FUNERALS AND MEMORIALS
"You obviously care. There was something about the service. You didn't talk to us from up there. You talked at our level."
When we have lost someone we love, it is hard. We are here to help you at this time, by listening and hearing you tell your story and that of the person you have lost. If you like, we will pray for you. If you live locally you have the right to have a service in your local church and be buried in the churchyard, or to have your ashes buried here if you prefer. We are happy to work with you on the service. You will need to contact a funeral director who will make all the arrangements for you.
If any time after the funeral you would like a chance to chat, then give us a ring and we will arrange for someone to pop round. Also once a year in the Autumn we hold a service where we remember those we have loved and lost and there is an opportunity if you want to have their name read out and light a candle, followed by tea, coffee and cake. We will invite you automatically if we have taken a funeral for you, and you are welcome to attend if you would like to.
When we have lost someone it is good to have a place to come to to remember them and people enjoy tending graves and making them look beautiful, and we strongly encourage this.
Our churchyards are places of beauty and tranquility, and also important places for current and future generations. We want the churchyard to look good for everyone and it is a public space that we are managing on behalf of the Diocesan Chancellor who has the responsibility for all the churchyards and we are stewards on his behalf. All our churchyards are open, which means that we are able to offer both burials and interment of cremated remains.
We are governed by quite strict rules about what we can and can’t do and our intention is to be sensitive and understand that this is difficult, but we have to follow the rules.
There is a legal right for anyone who lives in the parish at the time of death, or who died in the parish or whose name was at the date of death on the church electoral roll of the parish, to be buried or have his/her cremated remains interred in the churchyard.
Cremation or Burial
If you choose a cremation, the funeral service can take place either in the church, followed by a short service in the crematorium; or the whole service can take place at the crematorium. The Vicar, curates or other licensed minister are available to lead either type of service, but this does need to be booked through your funeral directors.
After the funeral your funeral directors will contact you to discuss how you wish to dispose of the ashes. In our churchyards we are only able to bury ashes: they can’t be scattered. We have a special place where this can happen in each churchyard. You will need to have a conversation with the vicar to assist you in making the right choice for you and your family.
If you choose a burial, the funeral service will take place in the church followed by a short act of committal at the graveside. After the funeral at least six months must elapse before a memorial stone can be erected. There are strict rules about which kind of stone is allowed. A stonemason will be able to advise you and a form (CR1) comes to the vicar for approval.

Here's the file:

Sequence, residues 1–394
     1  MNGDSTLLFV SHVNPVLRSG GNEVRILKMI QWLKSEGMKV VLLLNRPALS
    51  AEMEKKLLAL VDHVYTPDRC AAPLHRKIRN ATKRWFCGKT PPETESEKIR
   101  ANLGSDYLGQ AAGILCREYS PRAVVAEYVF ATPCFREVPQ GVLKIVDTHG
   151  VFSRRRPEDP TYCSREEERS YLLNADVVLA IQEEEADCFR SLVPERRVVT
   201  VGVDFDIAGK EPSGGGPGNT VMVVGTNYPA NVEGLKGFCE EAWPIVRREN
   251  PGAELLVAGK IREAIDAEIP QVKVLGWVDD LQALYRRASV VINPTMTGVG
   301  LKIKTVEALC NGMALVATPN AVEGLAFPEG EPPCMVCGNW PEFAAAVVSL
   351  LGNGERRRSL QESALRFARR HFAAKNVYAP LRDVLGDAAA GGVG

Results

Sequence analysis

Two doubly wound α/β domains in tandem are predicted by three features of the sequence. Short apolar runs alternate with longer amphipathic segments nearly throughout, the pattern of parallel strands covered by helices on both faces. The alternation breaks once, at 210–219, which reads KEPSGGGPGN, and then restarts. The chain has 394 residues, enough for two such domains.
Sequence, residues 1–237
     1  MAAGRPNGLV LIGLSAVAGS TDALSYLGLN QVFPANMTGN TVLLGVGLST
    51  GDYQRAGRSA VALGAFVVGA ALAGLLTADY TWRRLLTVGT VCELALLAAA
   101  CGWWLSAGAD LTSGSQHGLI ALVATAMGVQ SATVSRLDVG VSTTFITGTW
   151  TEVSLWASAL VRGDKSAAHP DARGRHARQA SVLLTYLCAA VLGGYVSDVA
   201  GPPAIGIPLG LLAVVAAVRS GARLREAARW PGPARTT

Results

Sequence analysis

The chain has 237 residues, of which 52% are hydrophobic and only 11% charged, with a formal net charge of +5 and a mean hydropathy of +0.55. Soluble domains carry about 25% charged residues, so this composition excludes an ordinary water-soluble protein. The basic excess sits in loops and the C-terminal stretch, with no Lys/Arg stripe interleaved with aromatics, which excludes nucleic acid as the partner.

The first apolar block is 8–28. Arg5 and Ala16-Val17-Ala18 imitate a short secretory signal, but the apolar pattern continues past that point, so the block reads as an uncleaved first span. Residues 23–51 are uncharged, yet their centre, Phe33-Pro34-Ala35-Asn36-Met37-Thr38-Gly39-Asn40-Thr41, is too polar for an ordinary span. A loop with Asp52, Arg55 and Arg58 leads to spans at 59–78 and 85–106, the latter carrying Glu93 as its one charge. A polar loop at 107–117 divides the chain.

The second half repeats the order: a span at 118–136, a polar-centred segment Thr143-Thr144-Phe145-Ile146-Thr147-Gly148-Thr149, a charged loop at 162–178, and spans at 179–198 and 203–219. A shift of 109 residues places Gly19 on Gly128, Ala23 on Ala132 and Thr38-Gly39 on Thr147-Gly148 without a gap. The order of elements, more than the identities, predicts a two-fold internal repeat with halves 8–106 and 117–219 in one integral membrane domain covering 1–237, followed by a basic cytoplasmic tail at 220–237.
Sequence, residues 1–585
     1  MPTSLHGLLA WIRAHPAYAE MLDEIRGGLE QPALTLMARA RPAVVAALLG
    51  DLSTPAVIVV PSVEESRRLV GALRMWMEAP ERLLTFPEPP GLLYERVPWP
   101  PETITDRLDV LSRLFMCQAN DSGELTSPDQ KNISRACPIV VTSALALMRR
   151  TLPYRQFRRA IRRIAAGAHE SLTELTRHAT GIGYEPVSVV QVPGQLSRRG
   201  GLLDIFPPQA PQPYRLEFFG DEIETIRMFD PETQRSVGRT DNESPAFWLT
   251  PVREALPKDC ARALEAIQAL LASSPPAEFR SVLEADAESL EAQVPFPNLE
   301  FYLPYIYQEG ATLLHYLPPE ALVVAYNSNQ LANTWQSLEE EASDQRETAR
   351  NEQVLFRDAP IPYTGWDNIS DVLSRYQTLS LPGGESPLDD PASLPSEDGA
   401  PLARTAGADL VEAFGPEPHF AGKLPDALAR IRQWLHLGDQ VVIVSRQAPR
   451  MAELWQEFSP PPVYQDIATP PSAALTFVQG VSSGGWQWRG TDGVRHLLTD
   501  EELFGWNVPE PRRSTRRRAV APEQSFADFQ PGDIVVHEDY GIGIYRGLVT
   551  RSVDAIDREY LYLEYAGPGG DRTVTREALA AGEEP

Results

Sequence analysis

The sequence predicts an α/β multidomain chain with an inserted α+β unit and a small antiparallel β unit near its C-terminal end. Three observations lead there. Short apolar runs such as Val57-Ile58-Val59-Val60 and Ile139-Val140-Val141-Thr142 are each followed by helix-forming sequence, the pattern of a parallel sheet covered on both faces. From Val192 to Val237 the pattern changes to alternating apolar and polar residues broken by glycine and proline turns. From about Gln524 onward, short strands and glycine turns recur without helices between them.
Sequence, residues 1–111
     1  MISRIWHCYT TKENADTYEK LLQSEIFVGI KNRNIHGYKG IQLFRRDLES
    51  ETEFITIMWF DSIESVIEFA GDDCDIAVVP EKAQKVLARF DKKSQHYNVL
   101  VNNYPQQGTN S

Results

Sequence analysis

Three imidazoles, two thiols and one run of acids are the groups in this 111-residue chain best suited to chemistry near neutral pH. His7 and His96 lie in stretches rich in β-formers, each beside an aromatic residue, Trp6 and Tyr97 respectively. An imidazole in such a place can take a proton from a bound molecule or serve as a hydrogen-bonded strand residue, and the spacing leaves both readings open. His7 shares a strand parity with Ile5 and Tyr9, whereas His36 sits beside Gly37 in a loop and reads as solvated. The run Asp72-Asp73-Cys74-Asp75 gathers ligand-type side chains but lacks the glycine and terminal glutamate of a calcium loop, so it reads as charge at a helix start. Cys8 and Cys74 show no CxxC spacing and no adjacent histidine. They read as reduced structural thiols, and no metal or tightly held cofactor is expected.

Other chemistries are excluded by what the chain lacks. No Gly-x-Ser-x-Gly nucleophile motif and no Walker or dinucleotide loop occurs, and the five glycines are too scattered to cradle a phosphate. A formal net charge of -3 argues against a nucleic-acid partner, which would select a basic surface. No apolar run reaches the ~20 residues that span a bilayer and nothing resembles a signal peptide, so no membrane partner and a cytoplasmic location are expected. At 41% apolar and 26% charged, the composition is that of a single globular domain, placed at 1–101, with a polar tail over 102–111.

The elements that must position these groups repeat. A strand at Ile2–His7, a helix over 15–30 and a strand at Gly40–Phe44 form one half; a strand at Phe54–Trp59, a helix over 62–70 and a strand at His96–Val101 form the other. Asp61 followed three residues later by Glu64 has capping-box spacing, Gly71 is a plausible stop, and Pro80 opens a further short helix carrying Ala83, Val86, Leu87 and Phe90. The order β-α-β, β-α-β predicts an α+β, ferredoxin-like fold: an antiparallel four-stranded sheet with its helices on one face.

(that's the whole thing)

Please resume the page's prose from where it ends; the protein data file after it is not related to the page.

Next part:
The words of inscription on a headstone are highly significant and care needs to be taken to choose appropriate wording. The inscription needs to be in English, names of the deceased must be written in full (if the person was known by an abbreviated name it may be added in brackets after the Christian name), the dates of birth and death are also included. The headstone is an opportunity to record in words something about the character or life of the person commemorated, so that future generations, both of the family in question and the public generally, will be able to read the testimonial and reflect on the life recorded on the memorial. Any quotation used on a memorial in a churchyard must be consistent with the Christian belief in life after death. An appropriate quotation from the Bible, or a suitable line from a hymn or poem may be used. The ministry team can help you with your choice in this regard.
A small Christian symbol can also be included on the headstone, or a single flower. Photographs are not allowed.
Other wording, symbols or pictures cannot be approved by the Vicar; if however, you wish to discuss a design for a headstone which does not fall into the above categories it is possible to apply for a faculty and the Vicar will assist you with this. There is no guarantee that a faculty application will be successful.
There is usually more flexibility in the case of a child, and the details of this would need to be discussed with the minister.
Caring for the Grave
Flowers, plants, trees and benches: Where a flower vase is included in the base of the headstone fresh flowers or cuttings from shrubs or bushes may be placed in the base. Some people think that they own the ground that someone is buried in, and this isn’t actually the case. It is lovely when people plant bulbs and small plants on graves, but no border or fencing is allowed.
Trees in the churchyard are under the control of two separate agencies which work together to ensure a balanced environment for all trees to flourish. If you are thinking of planting a tree in memory of a loved one please contact the vicar in the first instance. In all circumstances permission from the local authority and a faculty will need to be obtained from the Chancellor before a tree is able to be planted. Great Waltham is in a conversation area so this means we have more rules to follow!
Benches in the Churchyard
The PCCs have a plan for the churchyards including benches. If you would like to install a bench this will need to be agreed with the vicar and the PCC and a faculty form will need to be filled in.
The full churchyard handbook is available at www.chelmsford.anglican.org